Wednesday, December 20, 2006


Rabbi Yochanan asked from Rabbi Yanai as when the New Year of an esrog. His response was that it is in Shevat. Rabbi Yochanan questioned further if he was referring to Shevat of the lunar months or of the solar season. Rabbi Yanai responded that he was referring to Shevat of the lunar months. The Gemora continues that Shevat is the New Year for the esrog (and all trees) even in a leap year when the budding of the fruits are delayed (since the lunar year is behind the solar year).

The Gemora’s conclusion requires further explanation. The New Year for trees should depend on Shevat of the solar year since by then, most of the winter season has passed. Why is Shevat of the lunar months the determining time for the New Year?

Tosfos states that the moon also affects the growing and the ripening of the fruits. He proves this from a verse in Devarim. Tosfos adds that the Jewish year follows the lunar cycle.

The Chasam Sofer (O”C 14) is bothered by Tosfos’ additional statement. Why should the Jewish year affect the ripening of the fruits?

There is a Gemora which is quoted l'halacha which supports the idea that the decision of Beis Din can affect reality. The Gemara in Nidda 45a states that a girl under three years old who loses her virginity, the virginity (hymen) will grow back. The Yerushalmi (Kesubos 1:2) comments that even if when she had relations she was over three years old but then the Beis Din made a leap year which in doing so made her at the time that she had relations under three years old, it will grow back. The Yerushalmi bases this on a pasuk in Tehilim. The Pnei Moshe explains the Yerushalmi and states: אף הטבע מסכמת עליהן. Even nature agress with the psak. This is explicit that the decision changes reality. Before Beis Din declared a leap year her virginity would not have grown back, now that they declared a leap year it will grow back. This Yerushalmi is quoted l'halacha in the Rama (E”H 20:1) as well as by the Acharonim (O”C 55:9) (relating to a boy who becomes Bar Mitzva in a leap year. We see clearly that the Beis Din declaring a leap year changes reality. If they hadn't she would not be a virgin (the hymen would not grow back), since they did she is a virgin (it does grow back).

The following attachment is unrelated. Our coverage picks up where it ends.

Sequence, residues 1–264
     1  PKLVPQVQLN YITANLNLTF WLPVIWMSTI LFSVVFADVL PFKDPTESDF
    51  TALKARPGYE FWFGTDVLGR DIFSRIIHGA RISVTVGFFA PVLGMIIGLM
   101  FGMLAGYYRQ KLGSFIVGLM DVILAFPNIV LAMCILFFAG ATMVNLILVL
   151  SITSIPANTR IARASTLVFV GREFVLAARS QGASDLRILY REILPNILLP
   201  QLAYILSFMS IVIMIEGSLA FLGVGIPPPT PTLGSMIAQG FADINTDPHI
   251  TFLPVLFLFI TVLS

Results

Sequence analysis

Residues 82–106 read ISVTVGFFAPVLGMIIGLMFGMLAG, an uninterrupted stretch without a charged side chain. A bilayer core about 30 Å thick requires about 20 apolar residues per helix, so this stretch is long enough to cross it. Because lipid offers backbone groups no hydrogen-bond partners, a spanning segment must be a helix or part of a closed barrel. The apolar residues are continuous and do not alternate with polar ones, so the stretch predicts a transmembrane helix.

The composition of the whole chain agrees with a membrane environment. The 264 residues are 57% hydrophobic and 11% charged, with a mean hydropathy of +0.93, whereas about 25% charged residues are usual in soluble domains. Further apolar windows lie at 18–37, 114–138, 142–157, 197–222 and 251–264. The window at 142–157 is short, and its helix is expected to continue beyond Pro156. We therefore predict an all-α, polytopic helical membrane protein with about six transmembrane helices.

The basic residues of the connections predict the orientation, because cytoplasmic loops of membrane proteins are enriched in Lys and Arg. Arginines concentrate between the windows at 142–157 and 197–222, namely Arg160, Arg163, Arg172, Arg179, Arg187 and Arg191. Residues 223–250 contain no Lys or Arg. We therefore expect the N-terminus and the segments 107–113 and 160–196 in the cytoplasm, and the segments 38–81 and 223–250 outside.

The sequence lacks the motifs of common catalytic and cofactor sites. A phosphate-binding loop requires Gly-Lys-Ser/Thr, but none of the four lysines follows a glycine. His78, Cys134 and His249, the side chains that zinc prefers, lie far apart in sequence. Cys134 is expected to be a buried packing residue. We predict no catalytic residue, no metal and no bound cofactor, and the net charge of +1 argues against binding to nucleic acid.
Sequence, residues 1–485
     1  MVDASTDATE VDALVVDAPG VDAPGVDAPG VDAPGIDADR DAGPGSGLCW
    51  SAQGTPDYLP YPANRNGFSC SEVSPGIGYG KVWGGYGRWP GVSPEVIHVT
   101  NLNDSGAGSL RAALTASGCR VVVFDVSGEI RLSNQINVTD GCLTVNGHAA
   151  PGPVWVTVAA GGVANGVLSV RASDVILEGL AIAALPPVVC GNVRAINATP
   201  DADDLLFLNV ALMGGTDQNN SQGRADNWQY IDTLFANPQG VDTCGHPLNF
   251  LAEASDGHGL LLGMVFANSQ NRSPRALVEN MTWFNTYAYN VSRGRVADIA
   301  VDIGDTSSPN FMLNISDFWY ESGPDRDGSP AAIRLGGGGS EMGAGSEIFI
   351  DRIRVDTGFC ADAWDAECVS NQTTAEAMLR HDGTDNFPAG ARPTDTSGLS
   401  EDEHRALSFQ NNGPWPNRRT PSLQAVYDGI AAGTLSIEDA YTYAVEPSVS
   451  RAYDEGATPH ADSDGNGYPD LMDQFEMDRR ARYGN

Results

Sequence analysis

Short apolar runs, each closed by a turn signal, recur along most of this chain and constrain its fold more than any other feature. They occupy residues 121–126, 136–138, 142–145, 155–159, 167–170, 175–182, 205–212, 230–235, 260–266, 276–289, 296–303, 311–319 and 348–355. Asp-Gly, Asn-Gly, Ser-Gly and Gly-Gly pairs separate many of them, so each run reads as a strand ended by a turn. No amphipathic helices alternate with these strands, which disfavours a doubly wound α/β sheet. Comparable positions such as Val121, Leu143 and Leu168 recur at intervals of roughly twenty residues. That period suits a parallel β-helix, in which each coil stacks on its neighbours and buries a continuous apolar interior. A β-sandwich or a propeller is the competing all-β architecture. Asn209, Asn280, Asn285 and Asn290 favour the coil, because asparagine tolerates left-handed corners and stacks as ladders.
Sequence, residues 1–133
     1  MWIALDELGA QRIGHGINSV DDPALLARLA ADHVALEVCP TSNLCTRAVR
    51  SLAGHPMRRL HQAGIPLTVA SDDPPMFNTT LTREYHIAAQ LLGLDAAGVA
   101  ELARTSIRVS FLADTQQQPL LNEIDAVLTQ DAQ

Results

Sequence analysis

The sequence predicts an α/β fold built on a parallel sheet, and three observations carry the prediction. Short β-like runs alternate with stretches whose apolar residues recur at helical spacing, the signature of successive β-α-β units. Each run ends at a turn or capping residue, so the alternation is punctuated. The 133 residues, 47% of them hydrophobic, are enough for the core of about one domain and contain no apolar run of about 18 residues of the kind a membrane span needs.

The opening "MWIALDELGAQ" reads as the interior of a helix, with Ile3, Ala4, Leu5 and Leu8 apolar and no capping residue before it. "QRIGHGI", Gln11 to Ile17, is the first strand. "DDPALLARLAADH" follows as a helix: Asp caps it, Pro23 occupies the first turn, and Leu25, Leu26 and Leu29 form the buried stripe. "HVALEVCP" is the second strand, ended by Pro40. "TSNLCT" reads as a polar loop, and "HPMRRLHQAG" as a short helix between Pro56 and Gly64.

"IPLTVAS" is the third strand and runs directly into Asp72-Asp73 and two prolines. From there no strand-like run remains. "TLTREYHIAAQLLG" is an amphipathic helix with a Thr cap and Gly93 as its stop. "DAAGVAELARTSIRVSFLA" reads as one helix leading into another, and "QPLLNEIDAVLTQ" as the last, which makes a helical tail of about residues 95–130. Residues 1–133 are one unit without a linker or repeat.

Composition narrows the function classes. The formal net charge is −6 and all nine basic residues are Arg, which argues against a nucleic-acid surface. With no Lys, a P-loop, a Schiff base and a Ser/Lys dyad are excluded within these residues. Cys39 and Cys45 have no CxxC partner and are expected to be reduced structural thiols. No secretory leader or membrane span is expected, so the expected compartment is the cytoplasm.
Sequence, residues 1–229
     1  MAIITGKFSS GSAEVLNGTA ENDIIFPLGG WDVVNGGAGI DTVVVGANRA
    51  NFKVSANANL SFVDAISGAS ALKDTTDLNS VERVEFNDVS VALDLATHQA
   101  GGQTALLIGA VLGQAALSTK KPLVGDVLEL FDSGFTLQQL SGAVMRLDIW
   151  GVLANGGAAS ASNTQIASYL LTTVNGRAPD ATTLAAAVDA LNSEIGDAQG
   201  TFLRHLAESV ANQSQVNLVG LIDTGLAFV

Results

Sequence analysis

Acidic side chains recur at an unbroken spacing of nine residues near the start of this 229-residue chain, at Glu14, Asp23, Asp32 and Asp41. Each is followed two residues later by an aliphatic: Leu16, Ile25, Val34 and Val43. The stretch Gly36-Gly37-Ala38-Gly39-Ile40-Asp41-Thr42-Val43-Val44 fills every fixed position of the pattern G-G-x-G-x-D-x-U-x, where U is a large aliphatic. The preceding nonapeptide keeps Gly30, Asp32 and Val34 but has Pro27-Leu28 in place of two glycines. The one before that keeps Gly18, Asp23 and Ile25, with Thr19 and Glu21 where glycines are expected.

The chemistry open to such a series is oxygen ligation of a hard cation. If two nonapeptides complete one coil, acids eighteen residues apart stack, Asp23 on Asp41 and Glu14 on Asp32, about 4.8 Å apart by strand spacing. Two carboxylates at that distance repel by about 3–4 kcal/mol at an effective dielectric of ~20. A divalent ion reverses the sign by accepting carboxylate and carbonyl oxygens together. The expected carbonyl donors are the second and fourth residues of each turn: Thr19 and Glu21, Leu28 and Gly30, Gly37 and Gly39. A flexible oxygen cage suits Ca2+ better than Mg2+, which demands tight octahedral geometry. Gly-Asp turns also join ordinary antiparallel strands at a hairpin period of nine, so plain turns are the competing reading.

One of the commentators on the Yerushalmi (Kesubos 1:2) brings another example that Beis Din’s decision can affect reality from the Tosefta in Rosh Hashana (1:10). The Tosefta assumes that the manna did not fall on Yom Tov. The Tosefta says that how long the manna fell on erev Rosh Hashana lasted depended on the decision of Beis Din. If Beis Din made the 30th Rosh Hashana, then the manna lasted two days (the 29th and Rosh Hashana). However, if Beis Din made Rosh Hashana on the 31st, then the manna had to last a third day (29,30 because it didn't fall because it could have been Yom Tov, and Rosh Hashana). Again, we see that the decision of Beis Din affected the reality of when the manna rotted away. (Jewish Worker)

The Chasam Sofer states further that the laws of nature are subject to the Torah. Since the sap in the tree which causes the fruits to ripen has relevance to many halachos in the Torah, the laws of nature become secondary to the Torah rules and the fruits ripen in Shevat of the lunar months.